This different mechanism of treating herpes virus infections has opened a new door to further research for newer drugs that will only have the anti-herpes virus effect, but not the anti-heart failure effect. Dr. Swaminathan is confident that his team will be able to separate these two actions and come up with a new group of anti-virus drugs.

Spironolactone helps against herpes infections, has few side-effects

Spironolactone has been on the market for over 50 years and has a very good low side effect profile. It is used for people with heart failure to reduce the retained fluid that can accumulate around the heart or in the lungs. This allows the patient to breathe easier and have more energy. Spironolactone also helps with fluid accumulation in patients who have cirrhosis or have nephrotic syndrome, a kidney disease.

In a completely different set of patients spironolactone can help women who produce too much male hormone in their ovaries to normalize the hormones and lose the awkward, unwanted facial hair growth.

Some generalized side effects are: mild nausea, vomiting or diarrhea. Breast swelling or tenderness can develop. Dizziness, headache and mild drowsiness can occur. Some people develop leg cramps. Males can experience impotence and difficulties having an erection.

Spironolactone Helps Against Herpes Infections

Spironolactone Helps Against Herpes Infections

Conclusion

It is not often that an existing drug that has been well researched in the past finds a new application in a completely different area than originally developed for. This is the case for spironolactone, which now was found to be effective as an anti-herpetic drug. Further research will likely be able to separate the anti-viral effect of spironolactone from the anti-heart failure effect. Dr. Swaminathan and his team did not think that this was too difficult a problem. In the meantime spironolactone can be used for severe herpetic infections when the other drugs do not help, which may be due to drug resistance.

Overall the detection of an anti-herpetic effect of spironolactone has been an important step forward with respect to treating the whole group of herpetic diseases.

Dec
17
2016

Magnesium Is Essential To Life

Magnesium is an important co-factor in many biochemical reactions, so magnesium is essential to life.

Many diverse diseases and cancers can develop from magnesium deficiency. The key is to supplement with magnesium regularly to get more than the government recommended daily allowance (RDA). The RDA for magnesium is 420 mg a day for males and 320 mg a day for females.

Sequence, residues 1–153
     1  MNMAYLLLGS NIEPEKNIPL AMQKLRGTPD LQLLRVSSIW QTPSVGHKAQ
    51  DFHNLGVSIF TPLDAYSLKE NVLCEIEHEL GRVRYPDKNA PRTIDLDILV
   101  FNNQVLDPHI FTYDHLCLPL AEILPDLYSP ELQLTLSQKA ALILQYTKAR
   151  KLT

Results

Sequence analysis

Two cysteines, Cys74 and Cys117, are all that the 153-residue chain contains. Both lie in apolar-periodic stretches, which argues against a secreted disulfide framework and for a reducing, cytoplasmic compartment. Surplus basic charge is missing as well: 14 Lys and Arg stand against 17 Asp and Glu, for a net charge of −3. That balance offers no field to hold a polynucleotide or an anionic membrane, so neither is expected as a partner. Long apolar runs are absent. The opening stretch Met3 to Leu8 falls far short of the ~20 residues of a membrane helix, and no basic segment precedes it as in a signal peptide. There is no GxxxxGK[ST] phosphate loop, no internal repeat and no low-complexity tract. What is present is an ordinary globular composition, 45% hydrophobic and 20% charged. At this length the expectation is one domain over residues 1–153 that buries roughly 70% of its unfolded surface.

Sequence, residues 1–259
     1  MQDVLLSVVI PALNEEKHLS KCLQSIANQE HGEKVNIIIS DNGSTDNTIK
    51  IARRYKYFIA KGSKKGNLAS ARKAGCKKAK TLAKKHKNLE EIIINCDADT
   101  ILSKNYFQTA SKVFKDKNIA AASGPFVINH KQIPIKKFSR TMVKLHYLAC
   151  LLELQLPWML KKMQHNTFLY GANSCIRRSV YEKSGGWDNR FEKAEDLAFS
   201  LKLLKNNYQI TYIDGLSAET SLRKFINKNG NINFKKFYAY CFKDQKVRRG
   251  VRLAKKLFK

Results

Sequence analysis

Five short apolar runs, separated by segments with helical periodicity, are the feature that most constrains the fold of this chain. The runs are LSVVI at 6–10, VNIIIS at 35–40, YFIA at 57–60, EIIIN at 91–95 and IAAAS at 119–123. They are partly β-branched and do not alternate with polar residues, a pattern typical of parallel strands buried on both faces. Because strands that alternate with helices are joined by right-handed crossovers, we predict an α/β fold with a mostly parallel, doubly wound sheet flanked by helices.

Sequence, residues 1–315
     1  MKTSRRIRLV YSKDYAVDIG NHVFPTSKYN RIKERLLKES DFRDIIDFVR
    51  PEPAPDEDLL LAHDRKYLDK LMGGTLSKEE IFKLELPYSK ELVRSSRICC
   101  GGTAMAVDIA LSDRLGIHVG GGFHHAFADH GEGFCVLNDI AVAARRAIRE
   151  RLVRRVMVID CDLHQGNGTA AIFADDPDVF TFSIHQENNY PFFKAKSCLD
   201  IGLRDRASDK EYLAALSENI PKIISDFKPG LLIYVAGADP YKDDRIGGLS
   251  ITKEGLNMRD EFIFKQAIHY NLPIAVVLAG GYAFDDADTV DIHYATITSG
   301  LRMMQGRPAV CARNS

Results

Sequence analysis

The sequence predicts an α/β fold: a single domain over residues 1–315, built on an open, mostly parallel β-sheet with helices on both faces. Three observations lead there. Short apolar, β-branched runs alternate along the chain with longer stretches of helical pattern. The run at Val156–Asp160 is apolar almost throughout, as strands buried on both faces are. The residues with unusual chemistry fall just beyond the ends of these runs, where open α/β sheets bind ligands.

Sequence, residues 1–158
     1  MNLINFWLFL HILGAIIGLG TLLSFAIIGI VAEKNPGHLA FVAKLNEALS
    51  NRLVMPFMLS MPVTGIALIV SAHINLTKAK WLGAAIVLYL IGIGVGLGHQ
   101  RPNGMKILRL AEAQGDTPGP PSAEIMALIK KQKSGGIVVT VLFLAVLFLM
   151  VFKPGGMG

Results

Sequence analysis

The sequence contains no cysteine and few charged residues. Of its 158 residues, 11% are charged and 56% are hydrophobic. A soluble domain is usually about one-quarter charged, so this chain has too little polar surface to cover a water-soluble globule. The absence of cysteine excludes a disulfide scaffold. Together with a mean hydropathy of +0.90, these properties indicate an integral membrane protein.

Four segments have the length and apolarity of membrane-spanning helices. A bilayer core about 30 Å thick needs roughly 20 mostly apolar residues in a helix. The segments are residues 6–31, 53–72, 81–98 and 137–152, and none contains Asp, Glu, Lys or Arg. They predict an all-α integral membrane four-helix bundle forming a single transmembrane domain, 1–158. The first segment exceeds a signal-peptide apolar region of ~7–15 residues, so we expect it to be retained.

In the following I will review the diseases that occur without enough magnesium on board.

A lack of magnesium can cause heart disease

In this 2014 study 7216 men and women aged 55-80 with at high risk for heart attacks were followed for 4.8 years. The risk of death from a heart attack was found to be 34% lower in the high tertile magnesium group when compared to the lower magnesium tertile group.

The protective mechanism of magnesium was found to be as follows. Magnesium counteracts calcium and stabilizes heart rhythms. Magnesium helps to maintain regular heart beats and prevents irregular heart beats (arrhythmias). It also prevents the accumulation of calcium in the coronary artery walls. This in turn is known to lower the risk of heart attacks and strokes.

Another study, which was part of the Framingham Heart Study, examined calcification of the heart vessels and the aorta as a function of magnesium intake.

There were 2,695 participants in this study. For each increase of 50 mg of magnesium per day there was a 22% decrease in calcification of the coronary arteries. For the same increase of magnesium the calcification of the body’s main artery, the aorta, fell by 12%. Those with the highest magnesium intake were 58% less likely to have calcifications in their coronary arteries. At the same time they were 34% less likely to have calcifications of the aorta.

In a Korean study a group with low magnesium levels was at a 2.1-fold higher risk of developing coronary artery calcifications compared to a group with normal magnesium levels.

Low magnesium increases your stroke risk

In a 2015 study 4443 subjects, men and women aged 40-75 were followed along.